The consensus among election security experts is that these machines are vulnerable to tampering and they have been removed from use around the country – though tens of thousands of voters still use them in other states.
About a quarter of North Carolina’s counties will be getting new voting equipment to replace iVotronics. Every new system in North Carolina will produce a paper ballot, though some counties will use voting machines that mark the ballot instead of a voter doing it by hand.
There is some debate among election experts over the security of voting machines for all voters. Carolina Public Press previously reported on those concerns when the NC Board of Elections decided to approve those systems for use.
Voter registration changes coming
Voter registration systems are often overlooked in the conversation about election security, though they are also widely seen by election security experts as the most vulnerable part of the election infrastructure.
If voter registration information is tampered with, blocked or called into doubt, it could introduce confusion at a polling place over who is allowed to vote, which in turn quickly creates long lines.
Durham County saw that type of chaos when the poll books provided by the vendor VR Systems went down on Election Day in 2016, causing hours-long delays preventing voters from casting ballots. The reason for the pollbook failure is still under federal investigation.
After that incident, North Carolina stopped contracting out “electronic poll book” solutions, instead creating its own poll book system and deploying it across the state.
Now, another change is in the works.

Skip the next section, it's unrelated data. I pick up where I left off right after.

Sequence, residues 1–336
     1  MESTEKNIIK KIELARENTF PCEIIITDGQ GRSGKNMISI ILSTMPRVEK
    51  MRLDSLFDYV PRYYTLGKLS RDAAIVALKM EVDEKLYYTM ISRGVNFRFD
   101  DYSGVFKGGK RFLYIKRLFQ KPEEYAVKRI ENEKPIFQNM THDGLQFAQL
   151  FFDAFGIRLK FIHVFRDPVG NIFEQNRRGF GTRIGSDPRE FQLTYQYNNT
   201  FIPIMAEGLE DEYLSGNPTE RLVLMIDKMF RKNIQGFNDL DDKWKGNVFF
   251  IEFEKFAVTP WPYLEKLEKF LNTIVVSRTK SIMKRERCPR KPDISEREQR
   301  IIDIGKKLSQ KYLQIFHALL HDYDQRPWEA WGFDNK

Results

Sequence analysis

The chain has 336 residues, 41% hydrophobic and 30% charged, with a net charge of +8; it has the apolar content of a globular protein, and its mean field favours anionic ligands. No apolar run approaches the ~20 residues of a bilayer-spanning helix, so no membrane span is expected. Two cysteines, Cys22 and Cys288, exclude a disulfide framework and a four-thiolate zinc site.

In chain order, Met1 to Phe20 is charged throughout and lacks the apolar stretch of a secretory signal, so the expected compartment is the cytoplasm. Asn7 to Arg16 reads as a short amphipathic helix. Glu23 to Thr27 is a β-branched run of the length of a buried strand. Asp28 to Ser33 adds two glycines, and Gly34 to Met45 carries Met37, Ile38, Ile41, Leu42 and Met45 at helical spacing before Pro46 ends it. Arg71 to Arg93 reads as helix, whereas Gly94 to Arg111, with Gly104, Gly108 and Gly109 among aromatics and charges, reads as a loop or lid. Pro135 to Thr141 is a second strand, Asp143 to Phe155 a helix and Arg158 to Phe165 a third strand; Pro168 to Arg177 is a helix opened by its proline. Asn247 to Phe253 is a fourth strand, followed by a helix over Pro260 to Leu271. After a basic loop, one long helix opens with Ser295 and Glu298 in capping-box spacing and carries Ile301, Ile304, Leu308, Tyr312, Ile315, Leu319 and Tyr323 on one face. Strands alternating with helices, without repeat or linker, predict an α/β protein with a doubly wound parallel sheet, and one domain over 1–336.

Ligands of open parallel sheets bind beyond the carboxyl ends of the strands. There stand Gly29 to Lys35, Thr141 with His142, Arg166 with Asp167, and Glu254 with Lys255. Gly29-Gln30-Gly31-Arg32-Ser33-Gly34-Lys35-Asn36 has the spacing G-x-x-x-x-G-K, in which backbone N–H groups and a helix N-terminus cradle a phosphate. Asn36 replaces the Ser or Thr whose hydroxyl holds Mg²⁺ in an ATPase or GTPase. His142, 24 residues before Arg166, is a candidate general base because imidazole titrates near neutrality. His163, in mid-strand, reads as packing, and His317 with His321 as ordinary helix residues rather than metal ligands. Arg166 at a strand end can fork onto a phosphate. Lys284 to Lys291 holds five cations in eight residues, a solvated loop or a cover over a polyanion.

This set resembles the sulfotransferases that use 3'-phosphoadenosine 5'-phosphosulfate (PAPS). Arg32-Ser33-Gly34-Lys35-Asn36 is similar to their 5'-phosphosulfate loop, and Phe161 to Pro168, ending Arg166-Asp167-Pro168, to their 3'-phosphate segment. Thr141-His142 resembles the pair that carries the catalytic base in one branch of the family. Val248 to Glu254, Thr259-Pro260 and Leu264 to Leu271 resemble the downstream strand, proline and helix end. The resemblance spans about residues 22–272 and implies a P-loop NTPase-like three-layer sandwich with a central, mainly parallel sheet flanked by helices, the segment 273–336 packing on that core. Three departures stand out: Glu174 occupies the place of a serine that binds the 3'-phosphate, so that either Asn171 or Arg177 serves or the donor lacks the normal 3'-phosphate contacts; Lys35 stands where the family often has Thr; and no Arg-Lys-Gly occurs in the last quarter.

Brian Neesby, the chief information officer at the N.C. Board of Elections, described two projects to Carolina Public Press: the migration and modernization of the voter registration system.
The N.C. Board of Elections plans to move, or “migrate,” every county’s voter registration and other election data from county servers to the cloud.
“Migration will enhance our ability to maintain standardization and configuration management across all counties,” Neesby said.
This move is hailed by Miller, though with a caveat.
“That’s a great first step,” Miller said.
“You are going to get a lot of benefit from doing that: elastic, on-demand services. No more aged-out PCs on desktops with cables snaking across the floor into overheated server closets.”
However, Miller said, the state needs to be sure that the vendor hosting the cloud provides the right administrative services and is approved by the Federal Risk and Authorization Management Program, or fedRAMP.
Neesby confirmed that the state will use a cloud service that is fedRAMP-compliant, though he was unable to comment on the exact timeline for the procurement process or to confirm details of administrative services that will be provided by the vendor while the procurement process is ongoing.
The Board of Election plans for the migration of the data to be complete by the November 2020 elections.
Next, the N.C. Board of Elections is modernizing the voter registration system. The modernization will come after the 2020 elections and will help make voter registrations more efficient and will streamline the process of adjusting to redistricting changes.
Upgrades and security will not matter, though, if people do not go to the polls.
“I think everyone has to get out and vote,” Miller said.
“Voter turnout is going to be essential for this election, of all elections that we’ve had at least in my lifetime. Listen, no election is ever going to be perfectly secure. I think if we get wrapped around the axle of whether or not it’s secure or not, we’re going to be going crazy.”